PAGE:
Last month, on the eve of his starting his first ever live tour, celebrity chef James Martin announced that he was going to leave the hugely successful show Saturday Kitchen at some point in March.
While Martin is not the show’s first host – Gregg Wallace and Anthony Worrall Thompson came before him – he has been getting up early on Saturdays for 10 years and has made the BBC1 programme his own. He has since confirmed that his last show will be screened on March 26.
When Martin spoke with WOW247 late last year about the then-pending tour and his career, he didn’t talk about what he was about to do. But perhaps reading between the lines, there’s a hint or two.
The chef began his TV career in 1996, but has never been on the road before.
‘This is the first time – 20 years of doing live TV, but this is the first time I’ve ever done something like this.
‘I’ve been approached for maybe the past 12 years or so and always turned it down. It was never the right time or right people, but everything seems to click on this one.
I wanted to make this tour something fun, make it something informative and give people something they’ve never seen beforeJames Martin
‘I’ve had 20 years of doing this hobby – my main job is as a chef. I just kind of dive in and out of the studio.’
The tour has been dubbed Plates, Mates and Automobiles to reflect James’s other great passion – cars – and will also see him bringing some surprise guests on stage.
‘It’ll be exactly what the title of the show suggests.
‘There’ll be VTs on the cars to explain a few bits and pieces, and some mates along the way, I’ve spoken to a few who are going to be involved, and the kind of thing is to have a bit of fun.
‘This is going to be something different from what I’ve seen other chefs do, something unique.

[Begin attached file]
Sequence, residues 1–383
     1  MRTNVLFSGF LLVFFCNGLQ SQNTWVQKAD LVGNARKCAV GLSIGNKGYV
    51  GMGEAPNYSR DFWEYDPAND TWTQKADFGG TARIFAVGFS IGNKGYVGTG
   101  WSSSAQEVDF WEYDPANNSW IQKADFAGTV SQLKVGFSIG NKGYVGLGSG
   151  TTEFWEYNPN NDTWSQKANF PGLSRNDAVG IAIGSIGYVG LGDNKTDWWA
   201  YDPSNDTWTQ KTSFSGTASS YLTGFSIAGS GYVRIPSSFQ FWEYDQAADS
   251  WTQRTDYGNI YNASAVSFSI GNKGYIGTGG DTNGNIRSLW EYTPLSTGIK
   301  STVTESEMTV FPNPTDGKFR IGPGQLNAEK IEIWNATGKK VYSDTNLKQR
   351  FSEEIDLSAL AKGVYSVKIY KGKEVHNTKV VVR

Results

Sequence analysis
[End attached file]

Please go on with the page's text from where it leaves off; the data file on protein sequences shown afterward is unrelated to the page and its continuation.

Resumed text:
I wanted to make it something fun, make it something informative and give people something they’ve never seen before – certainly not from me anyway.’
Can fans of Saturday Kitchen expect it to be like that?
‘It’s not like Saturday Kitchen. Obviously the dishes I’ll be cooking live, there’ll be none of that “and here’s one I did earlier” stuff.
‘There’ll be all manner of stuff on this.’
Rather cryptically, he goes on to mention a surprise he’s been working on for the end of the show: ‘I’m in training two hours a day, every day seven days a week for one element of this tour – if it all turns into a disaster by December you won’t see it on the tour, but I am trying to get this element in for part of the tour to make it interesting.’
The tour is taking in 25 venues across the UK and will finish in Portsmouth.
‘You are the last one – mainly because it’s local to me,’ says James, who lives near Winchester, ‘and I can drive home from there at the end of it.
‘I might actually not know what I’m doing by the time I get to Portsmouth,’ he jokes.
‘The idea was to start in the north, start in Glasgow and work south.’
With his home in Hampshire and a plane based at Goodwood aerodrome near Chichester, James is more than familiar with this part of the world.
‘I fly over Portsmouth a lot, I fly out of Goodwood and I used to use Spinnaker Tower as a turning point and a reference point. I used to go sailing all round the Solent as well, so I know the area really well.’
Was learning to fly an extension of your love of racing cars and the need for speed?
‘When I was building my new house, I was so peed off with builders coming up to me and saying: “What skirting boards do you want?” and “What light fittings do you want?”